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ERIC Number: EJ1073879
Record Type: Journal
Publication Date: 2015-Sep
Pages: 11
Abstractor: As Provided
Reference Count: 37
ISBN: N/A
ISSN: ISSN-0278-7393
Does Testing Impair Relational Processing? Failed Attempts to Replicate the Negative Testing Effect
Rawson, Katherine A.; Wissman, Kathryn T.; Vaughn, Kalif E.
Journal of Experimental Psychology: Learning, Memory, and Cognition, v41 n5 p1326-1336 Sep 2015
Recent research on testing effects (i.e., practice tests are more effective than restudy for enhancing subsequent memory) has focused on explaining when and why testing enhances memory. Of particular interest for present purposes, Zaromb and Roediger (2010) reported evidence that testing effects in part reflect enhanced relational processing, which refers to the encoding of similarity among to-be-learned items. The "multifactor account" of testing effects (Peterson & Mulligan, 2013) further distinguishes between processing of cue-target relations ("intraitem relational processing") and processing of relations shared by targets from different items ("interitem relational processing"). The intriguing claim of this account is that testing enhances intraitem relational processing at the expense of interitem relational processing. Confirming predictions of this account, Peterson and Mulligan (2013) found negative testing effects on final free recall and on a measure of interitem relational processing (the same measures on which Zaromb and Roediger found positive testing effects). The original intent of the current research was to resolve this theoretical debate by replicating and extending the findings of Peterson and Mulligan (2013) to identify the locus of the apparent inconsistency in the outcomes reported in these 2 studies. However, 5 high-powered experiments affording 8 comparisons of testing versus restudy did not replicate the negative testing effect on final memory performance nor on most measures of interitem relational processing. Thus, the weight of the evidence supports the conclusion that testing does not impair relational processing.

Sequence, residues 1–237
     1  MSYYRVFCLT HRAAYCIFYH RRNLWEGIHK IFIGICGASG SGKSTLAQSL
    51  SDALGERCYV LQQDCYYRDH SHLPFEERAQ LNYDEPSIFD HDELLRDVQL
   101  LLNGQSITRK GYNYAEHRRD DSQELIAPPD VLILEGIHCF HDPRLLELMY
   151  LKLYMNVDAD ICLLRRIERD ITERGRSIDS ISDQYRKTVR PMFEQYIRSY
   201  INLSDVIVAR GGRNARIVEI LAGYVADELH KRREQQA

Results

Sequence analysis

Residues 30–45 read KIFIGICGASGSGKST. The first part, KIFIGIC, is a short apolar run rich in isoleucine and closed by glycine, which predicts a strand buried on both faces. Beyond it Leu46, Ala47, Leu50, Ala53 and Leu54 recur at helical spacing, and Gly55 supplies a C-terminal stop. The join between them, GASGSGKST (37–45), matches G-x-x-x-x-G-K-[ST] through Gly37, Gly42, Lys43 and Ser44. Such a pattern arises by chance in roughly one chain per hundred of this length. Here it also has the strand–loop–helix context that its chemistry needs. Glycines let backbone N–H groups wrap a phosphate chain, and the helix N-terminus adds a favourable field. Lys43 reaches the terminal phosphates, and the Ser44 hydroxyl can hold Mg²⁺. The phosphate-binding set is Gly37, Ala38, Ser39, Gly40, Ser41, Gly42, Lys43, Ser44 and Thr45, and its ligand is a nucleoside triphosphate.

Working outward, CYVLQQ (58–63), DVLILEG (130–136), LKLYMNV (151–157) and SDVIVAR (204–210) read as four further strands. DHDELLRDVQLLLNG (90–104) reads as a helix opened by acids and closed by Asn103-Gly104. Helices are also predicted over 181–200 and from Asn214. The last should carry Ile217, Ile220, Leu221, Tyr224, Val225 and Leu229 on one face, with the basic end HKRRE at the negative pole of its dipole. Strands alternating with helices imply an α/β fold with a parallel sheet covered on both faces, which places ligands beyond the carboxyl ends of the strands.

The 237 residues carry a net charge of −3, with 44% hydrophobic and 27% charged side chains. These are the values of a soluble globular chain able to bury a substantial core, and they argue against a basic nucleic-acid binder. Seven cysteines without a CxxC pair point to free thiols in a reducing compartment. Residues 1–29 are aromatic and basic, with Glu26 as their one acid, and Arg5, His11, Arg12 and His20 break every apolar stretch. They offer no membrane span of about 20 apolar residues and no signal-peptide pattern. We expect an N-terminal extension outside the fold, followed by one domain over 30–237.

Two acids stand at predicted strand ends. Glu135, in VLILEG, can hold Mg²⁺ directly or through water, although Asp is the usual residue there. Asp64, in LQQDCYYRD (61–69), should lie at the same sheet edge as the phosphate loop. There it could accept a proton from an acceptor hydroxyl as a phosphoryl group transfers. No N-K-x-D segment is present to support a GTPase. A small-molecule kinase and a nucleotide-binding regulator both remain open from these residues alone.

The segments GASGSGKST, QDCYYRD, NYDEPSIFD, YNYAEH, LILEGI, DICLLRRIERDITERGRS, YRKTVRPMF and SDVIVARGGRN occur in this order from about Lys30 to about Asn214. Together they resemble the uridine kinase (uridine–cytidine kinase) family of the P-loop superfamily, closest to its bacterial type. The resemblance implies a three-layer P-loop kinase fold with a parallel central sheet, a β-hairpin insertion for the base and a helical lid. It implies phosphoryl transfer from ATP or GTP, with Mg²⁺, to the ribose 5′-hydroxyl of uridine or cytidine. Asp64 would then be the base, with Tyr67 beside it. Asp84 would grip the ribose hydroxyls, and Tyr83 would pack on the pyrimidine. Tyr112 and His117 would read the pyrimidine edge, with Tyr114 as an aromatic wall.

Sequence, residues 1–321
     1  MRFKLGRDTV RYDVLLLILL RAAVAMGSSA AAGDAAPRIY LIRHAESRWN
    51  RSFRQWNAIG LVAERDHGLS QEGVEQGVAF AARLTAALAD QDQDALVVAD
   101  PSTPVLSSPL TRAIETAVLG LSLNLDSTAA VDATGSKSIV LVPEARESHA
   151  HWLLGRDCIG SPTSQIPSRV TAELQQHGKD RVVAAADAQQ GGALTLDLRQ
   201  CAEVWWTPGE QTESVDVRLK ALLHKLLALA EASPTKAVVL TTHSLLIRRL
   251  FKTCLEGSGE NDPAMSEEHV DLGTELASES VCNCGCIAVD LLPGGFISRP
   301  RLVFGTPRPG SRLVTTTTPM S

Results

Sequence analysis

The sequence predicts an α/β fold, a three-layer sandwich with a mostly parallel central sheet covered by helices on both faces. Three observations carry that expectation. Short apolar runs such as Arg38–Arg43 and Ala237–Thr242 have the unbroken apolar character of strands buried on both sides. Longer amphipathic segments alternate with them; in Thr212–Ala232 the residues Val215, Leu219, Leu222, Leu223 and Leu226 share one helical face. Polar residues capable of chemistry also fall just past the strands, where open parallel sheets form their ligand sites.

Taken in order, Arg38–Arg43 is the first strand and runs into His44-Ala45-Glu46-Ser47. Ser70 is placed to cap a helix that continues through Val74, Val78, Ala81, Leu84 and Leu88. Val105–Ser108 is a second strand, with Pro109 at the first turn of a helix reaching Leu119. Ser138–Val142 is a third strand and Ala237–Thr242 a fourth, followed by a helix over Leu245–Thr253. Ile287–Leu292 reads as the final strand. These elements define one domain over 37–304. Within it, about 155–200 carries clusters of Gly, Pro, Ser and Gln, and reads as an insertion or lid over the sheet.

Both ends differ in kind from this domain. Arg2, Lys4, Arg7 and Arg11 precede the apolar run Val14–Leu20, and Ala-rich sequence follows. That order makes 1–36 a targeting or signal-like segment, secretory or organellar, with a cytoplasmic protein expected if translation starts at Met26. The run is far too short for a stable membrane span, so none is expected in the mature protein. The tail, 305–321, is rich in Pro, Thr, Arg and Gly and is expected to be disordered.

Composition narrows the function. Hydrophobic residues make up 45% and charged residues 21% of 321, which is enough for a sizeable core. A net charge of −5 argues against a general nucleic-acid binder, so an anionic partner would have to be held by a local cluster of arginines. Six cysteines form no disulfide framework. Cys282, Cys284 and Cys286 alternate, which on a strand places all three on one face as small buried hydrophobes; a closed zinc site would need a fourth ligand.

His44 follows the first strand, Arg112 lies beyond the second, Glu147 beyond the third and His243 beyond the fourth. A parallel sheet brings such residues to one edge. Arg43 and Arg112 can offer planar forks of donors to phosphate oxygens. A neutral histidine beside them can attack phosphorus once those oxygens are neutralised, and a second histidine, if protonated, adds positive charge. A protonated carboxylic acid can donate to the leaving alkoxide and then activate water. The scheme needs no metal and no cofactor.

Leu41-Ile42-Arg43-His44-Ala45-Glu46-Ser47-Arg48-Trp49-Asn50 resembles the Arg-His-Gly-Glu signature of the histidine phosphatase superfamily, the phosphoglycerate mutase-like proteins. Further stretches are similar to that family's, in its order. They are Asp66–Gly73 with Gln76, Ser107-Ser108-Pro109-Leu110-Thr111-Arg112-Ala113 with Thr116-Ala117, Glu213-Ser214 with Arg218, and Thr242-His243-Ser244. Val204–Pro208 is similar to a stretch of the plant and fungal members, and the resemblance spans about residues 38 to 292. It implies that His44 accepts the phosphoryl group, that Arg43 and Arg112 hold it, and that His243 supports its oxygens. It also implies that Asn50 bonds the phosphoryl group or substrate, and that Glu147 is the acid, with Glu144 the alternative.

American Psychological Association. Journals Department, 750 First Street NE, Washington, DC 20002. Tel: 800-374-2721; Tel: 202-336-5510; Fax: 202-336-5502; e-mail: order@apa.org; Web site: http://www.apa.org
Publication Type: Journal Articles; Reports - Research; Numerical/Quantitative Data
Education Level: Higher Education; Postsecondary Education
Audience: N/A
Language: English
Sponsor: N/A
Authoring Institution: N/A